Shaw "Mor" Mackintosh, who fought at Perth in 1396, was succeeded by his son James, who fell at Harlaw in 1411. Both Shaw and James had held Rothiemurchus only as tenants of the chief of Mackintosh, but James's son and successor, Alister "Ciar" (i.e., brown), obtained from Duncan, 11th of Mackintosh, in 1463-4, his right of possession and tack. In the deed by which David Stuart, Bishop of Moray, superior of the lands, confirms this disposition of Duncan, and gives Alister the fen, Alister is called "Allister Kier Mackintosh". This deed is dated 24th September 1464. Allthe deeds in which Alister is mentioned call him Mackintosh, not Shaw, thus showing the descent of the Shaws from the Mackintoshes, and that they did not acquire their name of Shaw until after Alister's time.

Alister's grandson, Alan, in 1539, disposed his right to Rothiemurchus to Edom Gordon, reserving only his son's liferest. Alan's grandson of the same name was outlawed for the murder of his stepfather, some fifty years later, and compelled to leave the country. Numerous Shaws are, however, still to be found in the neighbourhood of Rothiemurchus, or who can trace their descent from Alister Kier.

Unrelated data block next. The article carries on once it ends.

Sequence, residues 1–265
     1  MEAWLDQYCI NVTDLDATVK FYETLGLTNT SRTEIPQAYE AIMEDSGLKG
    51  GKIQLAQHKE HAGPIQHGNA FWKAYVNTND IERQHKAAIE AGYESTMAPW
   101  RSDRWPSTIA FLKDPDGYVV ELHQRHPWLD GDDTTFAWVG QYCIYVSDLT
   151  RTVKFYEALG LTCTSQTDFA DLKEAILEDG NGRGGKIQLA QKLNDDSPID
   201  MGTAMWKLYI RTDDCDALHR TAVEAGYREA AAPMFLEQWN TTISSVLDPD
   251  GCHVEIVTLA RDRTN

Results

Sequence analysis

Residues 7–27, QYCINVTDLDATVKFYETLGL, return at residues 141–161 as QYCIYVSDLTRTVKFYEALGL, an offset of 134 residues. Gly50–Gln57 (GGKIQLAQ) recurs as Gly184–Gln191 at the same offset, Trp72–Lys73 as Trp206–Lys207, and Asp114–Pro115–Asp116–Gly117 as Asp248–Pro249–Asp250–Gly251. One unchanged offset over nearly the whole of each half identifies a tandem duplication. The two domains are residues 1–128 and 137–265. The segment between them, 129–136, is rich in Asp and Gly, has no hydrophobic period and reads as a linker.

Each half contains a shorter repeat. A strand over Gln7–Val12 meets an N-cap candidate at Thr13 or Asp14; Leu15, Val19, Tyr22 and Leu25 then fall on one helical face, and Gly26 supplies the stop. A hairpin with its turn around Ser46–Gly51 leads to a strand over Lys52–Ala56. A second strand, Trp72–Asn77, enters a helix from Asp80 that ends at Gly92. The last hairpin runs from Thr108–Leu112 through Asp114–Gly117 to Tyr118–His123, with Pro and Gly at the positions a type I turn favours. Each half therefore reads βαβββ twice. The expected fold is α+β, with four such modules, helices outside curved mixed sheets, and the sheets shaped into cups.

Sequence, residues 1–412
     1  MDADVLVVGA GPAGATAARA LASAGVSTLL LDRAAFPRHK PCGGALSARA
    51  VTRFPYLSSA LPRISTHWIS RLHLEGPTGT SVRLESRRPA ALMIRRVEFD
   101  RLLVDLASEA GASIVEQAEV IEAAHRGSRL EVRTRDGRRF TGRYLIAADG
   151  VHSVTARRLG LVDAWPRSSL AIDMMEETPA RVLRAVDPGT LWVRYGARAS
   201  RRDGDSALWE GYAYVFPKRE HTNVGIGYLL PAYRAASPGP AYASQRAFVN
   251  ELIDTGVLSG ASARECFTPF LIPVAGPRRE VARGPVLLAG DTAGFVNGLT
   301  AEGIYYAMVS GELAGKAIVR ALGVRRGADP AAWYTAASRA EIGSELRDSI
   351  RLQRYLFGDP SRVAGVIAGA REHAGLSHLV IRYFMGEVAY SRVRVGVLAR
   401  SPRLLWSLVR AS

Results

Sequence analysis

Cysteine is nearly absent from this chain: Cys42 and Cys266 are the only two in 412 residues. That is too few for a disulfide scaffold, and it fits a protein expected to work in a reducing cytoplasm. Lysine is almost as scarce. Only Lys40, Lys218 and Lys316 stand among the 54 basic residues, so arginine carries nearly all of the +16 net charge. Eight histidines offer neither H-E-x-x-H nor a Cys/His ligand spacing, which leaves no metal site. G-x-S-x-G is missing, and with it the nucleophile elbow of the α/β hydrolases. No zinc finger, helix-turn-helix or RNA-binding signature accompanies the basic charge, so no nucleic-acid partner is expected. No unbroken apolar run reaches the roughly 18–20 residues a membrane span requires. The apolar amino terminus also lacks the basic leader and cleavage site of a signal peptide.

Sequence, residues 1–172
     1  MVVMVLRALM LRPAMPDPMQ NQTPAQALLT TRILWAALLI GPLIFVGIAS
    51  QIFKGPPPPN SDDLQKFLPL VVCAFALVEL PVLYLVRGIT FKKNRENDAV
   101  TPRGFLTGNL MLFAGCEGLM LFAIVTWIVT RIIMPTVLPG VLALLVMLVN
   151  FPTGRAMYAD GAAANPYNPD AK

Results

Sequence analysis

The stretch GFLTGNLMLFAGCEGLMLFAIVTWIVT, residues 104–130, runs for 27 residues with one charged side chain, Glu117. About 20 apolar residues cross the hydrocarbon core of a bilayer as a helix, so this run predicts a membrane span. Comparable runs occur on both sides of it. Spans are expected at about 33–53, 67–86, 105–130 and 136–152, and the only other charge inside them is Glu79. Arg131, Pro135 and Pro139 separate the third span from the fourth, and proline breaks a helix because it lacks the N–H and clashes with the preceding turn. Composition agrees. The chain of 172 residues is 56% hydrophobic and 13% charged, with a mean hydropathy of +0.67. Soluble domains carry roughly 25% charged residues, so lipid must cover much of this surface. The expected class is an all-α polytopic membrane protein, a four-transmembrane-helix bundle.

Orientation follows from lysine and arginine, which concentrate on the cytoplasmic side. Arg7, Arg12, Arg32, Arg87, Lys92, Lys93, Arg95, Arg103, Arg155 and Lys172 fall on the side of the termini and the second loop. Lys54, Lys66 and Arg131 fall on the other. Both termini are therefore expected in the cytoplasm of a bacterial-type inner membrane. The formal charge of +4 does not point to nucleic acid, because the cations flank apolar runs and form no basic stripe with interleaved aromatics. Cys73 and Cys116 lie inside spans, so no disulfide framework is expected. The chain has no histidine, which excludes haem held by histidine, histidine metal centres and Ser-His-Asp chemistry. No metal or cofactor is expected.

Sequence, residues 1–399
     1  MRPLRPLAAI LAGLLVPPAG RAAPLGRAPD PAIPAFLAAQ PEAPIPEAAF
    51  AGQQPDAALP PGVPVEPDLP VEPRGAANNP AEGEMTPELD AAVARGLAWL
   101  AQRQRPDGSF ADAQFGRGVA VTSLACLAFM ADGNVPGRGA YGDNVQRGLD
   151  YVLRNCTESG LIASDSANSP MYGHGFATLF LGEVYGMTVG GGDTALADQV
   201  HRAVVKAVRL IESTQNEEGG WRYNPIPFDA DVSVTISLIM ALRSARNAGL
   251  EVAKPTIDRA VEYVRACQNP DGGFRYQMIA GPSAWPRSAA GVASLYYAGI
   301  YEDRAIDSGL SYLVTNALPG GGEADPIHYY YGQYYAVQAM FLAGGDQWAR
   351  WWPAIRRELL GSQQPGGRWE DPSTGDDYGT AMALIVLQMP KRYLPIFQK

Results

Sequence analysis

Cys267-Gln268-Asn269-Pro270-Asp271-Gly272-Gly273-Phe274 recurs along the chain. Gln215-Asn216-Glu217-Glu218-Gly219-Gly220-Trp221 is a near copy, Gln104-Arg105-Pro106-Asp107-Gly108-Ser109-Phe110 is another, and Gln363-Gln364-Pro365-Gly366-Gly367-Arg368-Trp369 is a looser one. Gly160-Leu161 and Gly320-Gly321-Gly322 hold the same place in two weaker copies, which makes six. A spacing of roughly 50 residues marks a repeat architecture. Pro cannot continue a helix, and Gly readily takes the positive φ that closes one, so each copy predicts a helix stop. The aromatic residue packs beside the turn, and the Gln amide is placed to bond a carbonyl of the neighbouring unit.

Besides the Shaws of Rothiemurchus, the Shaws of Tordarroch in Strathnairn, descended from Adam, younger brother of Alister Kier, were a considerable family; but, like their cousins, they no longer occupy their original patrimony. Tordarroch was held in wadset of the chiefs of Mackintosh, and was given up to Sir AEneas Mackintosh in the end of last century by its holder at the time, Colonel Alexander Shaw, seventh in descent from Adam.

Argus MacBean vic Robert of Tordarroch signed the Bond of 1609 already mentioned. His great-grandsons, Robert and AEneas, took part during their father's life in the rebellion of 1715; both were taken prisoners at Preston, and were confined in Newgate, the elder brother dying during his imprisonment. The younger AEneas, succeeded his father, and in consideration of his taking no part in the '45, was made a magistrate, and received commissions for his three sons, the second of whom, AEneas, rose to the rank of major-general in the army. Margaret, daughter of AEneas of Tordarroch, was wife of Farquhar Macgillivray of Dalcrombie, one of the three officers of the Mackintosh regiment who escaped from Culloden.

AUneas was succeeded by his eldest son, Colonet Alexander Shaw, lieutenant-governor of the Isle of Man under the crown. He gave up the wadset of Tordarroch to Sir AEneas Mackintosh, and died in 1811.

From the four younger sons of Alister Kier descended respectively the Shaws of Dell (the family of the historian of Moray, the Rev Laclan Shaw); of Dalnivert, the representation of it devolved in the last century on a female, who married - Clark; the Farquharsons, who in time acquired more importance than the Shaws; and the Shaws of Harris, who still retain a tradition of their ancestor, Iver MacAlister Ciar.